An affordable way to read scientific articles launched today on Nature Publishing Group (NPG) journals, as NPG and Labtiva opened to the public a pilot of the ReadCube Access program for inexpensive single-click purchases and two-day rentals.
The program helps researchers, doctors, journalists, and the wider public who do not already hold subscriptions gain access to articles in high-impact scientific journals, including Nature and the Nature research journals.
“No one I know has complete access to all the academic literature needed—not even fellow researchers at Harvard,” says Siniša Hrvatin, a biology Ph.D. candidate at Harvard University.
This realization led Hrvatin and his fellow alumnus Robert McGrath to found Labtiva, a software company focused on helping scientists discover, organize, and read peer-reviewed literature.
“We wanted to make research in all journals readily accessible, which meant finding a practical way to reduce the price,” says McGrath. “ReadCube Access evolved as a way to read those articles immediately and inexpensively.”
Articles read by clicking the ReadCube Access icon on nature.com pages cost between $5 and $11, compared to the $32 pay-per-view fee. A 48-hour rental costs between $3 and $5.
“We are committed to continued innovation and experimentation with new channels and pricing models. Our goal as a scientific publisher is to sustainably bring affordable access to high quality scientific literature to the widest possible audience,” says Steven Inchcoombe, Managing Director of NPG. “ReadCube Access coexists alongside our existing HTML full-text, PDF and app access options. We will be interested to see the uptake of this convenient format and price: whether by scientists on the go or checking for relevance; or by those in industry, patients and science-interested citizens.”
Purchased articles open in the ReadCube app, which works on PCs, Macs, and within any desktop web browser. The app makes PDFs interactive with annotation tools, clickable citations, compatibility with common reference managers, simultaneous download of supplemental data, and links to subsequent citations and online discussions of the article. An article accessed through ReadCube Access may not be printed or shared, but can be read offline.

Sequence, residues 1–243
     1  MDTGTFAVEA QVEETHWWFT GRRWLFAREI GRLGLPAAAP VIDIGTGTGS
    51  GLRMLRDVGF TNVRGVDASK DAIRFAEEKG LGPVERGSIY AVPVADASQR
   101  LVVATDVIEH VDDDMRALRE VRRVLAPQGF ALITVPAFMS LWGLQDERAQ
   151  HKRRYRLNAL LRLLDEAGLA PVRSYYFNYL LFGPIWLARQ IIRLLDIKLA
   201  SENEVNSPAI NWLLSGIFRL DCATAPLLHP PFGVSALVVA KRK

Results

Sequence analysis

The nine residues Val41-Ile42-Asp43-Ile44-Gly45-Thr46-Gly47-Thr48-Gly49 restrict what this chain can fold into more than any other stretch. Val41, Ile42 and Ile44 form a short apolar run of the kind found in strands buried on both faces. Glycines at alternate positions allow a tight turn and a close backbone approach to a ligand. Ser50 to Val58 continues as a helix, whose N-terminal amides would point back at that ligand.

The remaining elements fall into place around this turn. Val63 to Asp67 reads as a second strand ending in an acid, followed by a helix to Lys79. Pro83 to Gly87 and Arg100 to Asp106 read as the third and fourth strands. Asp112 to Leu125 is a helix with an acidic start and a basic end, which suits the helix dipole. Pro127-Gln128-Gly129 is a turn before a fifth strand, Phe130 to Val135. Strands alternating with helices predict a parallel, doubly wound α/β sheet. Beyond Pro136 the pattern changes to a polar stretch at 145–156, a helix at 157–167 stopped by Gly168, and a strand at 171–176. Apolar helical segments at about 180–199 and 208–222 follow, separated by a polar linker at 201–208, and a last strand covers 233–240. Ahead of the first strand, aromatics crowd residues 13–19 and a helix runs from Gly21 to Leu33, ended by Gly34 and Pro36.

At this time, the ReadCube Access button is present on articles in Nature and 18 Nature research journals. Articles in all NPG journals are available at the same discount using the ReadCube desktop app.
Hrvatin and McGrath say more publishers, both in the natural sciences and humanities, plan to adopt ReadCube Access.
“These publishers want to reach non-subscribers without jeopardizing existing academic relationships,” says Hrvatin. “We are working together with publishers to customize pay-per-article options including pricing, printing or sharing to their individual needs and the needs of their readers.”
Research institutions, like individuals, can use ReadCube Access to supplement subscription holdings. In a trial program underway at the University of Utah, researchers can access articles from more than 50 NPG journals that were previously not fully accessible. Payments are deducted from a central fund, managed by the library.
For more information, visit www.readcube.com/Access.